When Missouri bookkeeper Jill Cottrill discovered that her supervisor had been watching her use the restroom through a peephole several times a day over a four-year period, she was a bit upset to say the least. And in April 2006 she and another female employee filed suit against their employer, MFA Inc., alleging the company contributed to a hostile work environment.
While an employee at MFA, a regional agriculture cooperative, Cottrill's supervisor Scott Adkins constructed a peephole from his personal break room to the women's bathroom. After other employees discovered the peephole, MFA devised a plan to catch Adkins in the act by installing a camera in his break room. The employees then caught Adkins looking through the peephole when Cottrill entered the bathroom, and the company fired him. The women then sued their company, accusing it of creating a hostile work environment.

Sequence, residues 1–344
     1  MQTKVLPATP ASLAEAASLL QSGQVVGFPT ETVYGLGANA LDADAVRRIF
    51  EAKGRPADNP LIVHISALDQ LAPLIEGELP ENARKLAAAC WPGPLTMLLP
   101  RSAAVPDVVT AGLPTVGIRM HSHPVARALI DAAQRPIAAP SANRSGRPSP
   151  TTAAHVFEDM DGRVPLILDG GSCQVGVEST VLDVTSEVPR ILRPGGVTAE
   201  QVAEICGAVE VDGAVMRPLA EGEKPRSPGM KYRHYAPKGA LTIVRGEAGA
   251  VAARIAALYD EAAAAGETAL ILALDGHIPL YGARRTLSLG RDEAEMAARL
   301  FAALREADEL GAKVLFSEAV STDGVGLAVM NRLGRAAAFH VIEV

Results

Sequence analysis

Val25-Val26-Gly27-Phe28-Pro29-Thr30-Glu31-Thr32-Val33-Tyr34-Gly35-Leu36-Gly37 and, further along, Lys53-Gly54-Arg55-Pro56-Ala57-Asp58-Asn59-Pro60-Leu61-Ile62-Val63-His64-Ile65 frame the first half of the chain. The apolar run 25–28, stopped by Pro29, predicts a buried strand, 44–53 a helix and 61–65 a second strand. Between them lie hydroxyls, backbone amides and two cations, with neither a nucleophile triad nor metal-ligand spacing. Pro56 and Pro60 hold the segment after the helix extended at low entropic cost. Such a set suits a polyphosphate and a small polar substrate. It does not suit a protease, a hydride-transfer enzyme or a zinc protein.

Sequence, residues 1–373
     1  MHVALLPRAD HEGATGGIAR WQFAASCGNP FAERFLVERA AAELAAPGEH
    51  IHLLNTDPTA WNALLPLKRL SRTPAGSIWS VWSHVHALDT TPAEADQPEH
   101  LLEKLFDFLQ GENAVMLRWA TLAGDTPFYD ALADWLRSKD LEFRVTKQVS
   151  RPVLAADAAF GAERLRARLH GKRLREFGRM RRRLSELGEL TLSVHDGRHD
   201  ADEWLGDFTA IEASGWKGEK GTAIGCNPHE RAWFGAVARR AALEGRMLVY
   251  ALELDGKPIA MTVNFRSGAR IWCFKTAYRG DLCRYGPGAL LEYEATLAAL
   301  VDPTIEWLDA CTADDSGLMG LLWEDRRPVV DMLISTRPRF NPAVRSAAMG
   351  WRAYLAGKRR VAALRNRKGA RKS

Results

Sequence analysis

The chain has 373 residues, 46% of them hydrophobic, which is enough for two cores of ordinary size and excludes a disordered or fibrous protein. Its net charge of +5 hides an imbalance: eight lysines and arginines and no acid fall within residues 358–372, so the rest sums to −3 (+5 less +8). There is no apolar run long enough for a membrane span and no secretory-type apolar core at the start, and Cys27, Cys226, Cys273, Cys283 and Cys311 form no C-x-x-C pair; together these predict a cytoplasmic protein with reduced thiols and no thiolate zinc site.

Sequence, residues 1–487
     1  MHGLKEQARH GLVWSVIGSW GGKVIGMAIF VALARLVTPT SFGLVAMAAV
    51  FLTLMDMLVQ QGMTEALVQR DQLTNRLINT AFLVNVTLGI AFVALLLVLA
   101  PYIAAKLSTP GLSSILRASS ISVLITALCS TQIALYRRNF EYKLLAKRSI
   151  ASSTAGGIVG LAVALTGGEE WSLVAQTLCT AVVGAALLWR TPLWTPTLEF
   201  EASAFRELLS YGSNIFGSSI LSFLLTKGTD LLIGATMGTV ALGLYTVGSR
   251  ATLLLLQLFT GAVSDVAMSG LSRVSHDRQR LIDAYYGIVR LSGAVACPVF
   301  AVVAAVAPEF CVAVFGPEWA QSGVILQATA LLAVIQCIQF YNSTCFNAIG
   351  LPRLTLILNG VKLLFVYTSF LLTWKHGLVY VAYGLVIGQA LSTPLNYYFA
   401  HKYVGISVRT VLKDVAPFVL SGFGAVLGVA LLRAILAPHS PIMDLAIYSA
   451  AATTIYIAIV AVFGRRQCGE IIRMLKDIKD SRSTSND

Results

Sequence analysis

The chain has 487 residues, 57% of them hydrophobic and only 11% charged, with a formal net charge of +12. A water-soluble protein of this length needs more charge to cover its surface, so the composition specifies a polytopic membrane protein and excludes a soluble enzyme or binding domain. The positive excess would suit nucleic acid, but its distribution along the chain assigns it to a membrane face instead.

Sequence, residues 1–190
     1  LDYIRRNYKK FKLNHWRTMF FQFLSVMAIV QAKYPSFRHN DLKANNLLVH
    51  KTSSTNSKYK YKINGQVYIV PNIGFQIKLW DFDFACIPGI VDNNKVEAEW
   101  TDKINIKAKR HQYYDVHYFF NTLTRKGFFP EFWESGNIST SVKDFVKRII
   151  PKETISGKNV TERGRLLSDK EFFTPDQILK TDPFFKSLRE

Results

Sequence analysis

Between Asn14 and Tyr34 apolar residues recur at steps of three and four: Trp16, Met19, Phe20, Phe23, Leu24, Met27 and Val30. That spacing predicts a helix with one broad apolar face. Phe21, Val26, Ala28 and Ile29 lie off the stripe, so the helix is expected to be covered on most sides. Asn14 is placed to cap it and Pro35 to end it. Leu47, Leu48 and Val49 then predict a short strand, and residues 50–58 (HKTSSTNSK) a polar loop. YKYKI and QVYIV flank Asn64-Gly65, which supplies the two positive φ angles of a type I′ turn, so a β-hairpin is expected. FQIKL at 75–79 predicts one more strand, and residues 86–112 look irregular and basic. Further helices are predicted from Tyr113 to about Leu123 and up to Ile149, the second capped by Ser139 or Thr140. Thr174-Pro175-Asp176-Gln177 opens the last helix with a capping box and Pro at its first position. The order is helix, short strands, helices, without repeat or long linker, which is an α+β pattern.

The women sued in the U.S. District Court for the Western District of Missouri. However, they lost their case on summary judgment because Cottrill was not aware of the peeping when it occurred.
The U.S. Court of Appeals for the Eighth Circuit relied on its 1993 decision Harris v. Forklift Sys. Inc., which found that: "[I]f the victim does not subjectively perceive the environment to be abusive, the conduct has not actually altered the conditions of the victim's employment, and there is no Title VII violation."
The court found that since Cottrill "did not subjectively perceive the peeping," she couldn't rely on the act to establish that her work environment was hostile.